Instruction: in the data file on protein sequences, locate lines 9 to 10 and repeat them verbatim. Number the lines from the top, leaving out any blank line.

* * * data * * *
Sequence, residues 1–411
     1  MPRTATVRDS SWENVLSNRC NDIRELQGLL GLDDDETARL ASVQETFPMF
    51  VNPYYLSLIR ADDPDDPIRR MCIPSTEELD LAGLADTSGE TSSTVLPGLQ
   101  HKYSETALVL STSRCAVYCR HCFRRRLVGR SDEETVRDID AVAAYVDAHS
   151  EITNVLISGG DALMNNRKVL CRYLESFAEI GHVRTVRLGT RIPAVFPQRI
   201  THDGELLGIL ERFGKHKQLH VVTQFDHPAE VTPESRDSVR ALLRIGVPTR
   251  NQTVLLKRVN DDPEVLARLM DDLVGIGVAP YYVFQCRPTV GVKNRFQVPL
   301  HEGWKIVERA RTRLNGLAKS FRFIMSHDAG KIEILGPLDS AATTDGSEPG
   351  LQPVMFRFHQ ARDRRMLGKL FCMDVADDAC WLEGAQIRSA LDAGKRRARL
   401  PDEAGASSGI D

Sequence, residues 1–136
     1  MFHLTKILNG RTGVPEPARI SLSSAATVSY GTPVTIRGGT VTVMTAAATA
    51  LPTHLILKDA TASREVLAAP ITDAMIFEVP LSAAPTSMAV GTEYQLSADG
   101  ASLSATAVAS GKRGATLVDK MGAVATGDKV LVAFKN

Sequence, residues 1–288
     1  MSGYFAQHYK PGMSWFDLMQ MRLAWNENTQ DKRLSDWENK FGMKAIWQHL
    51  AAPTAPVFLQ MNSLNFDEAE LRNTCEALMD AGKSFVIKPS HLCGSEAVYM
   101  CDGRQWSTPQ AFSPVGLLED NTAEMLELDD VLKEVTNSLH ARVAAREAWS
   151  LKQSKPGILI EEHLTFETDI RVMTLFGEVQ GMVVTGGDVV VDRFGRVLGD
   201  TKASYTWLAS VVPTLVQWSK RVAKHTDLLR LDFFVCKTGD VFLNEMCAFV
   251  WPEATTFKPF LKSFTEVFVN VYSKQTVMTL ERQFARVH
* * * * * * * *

   351  LQPVMFRFHQ ARDRRMLGKL FCMDVADDAC WLEGAQIRSA LDAGKRRARL
   401  PDEAGASSGI D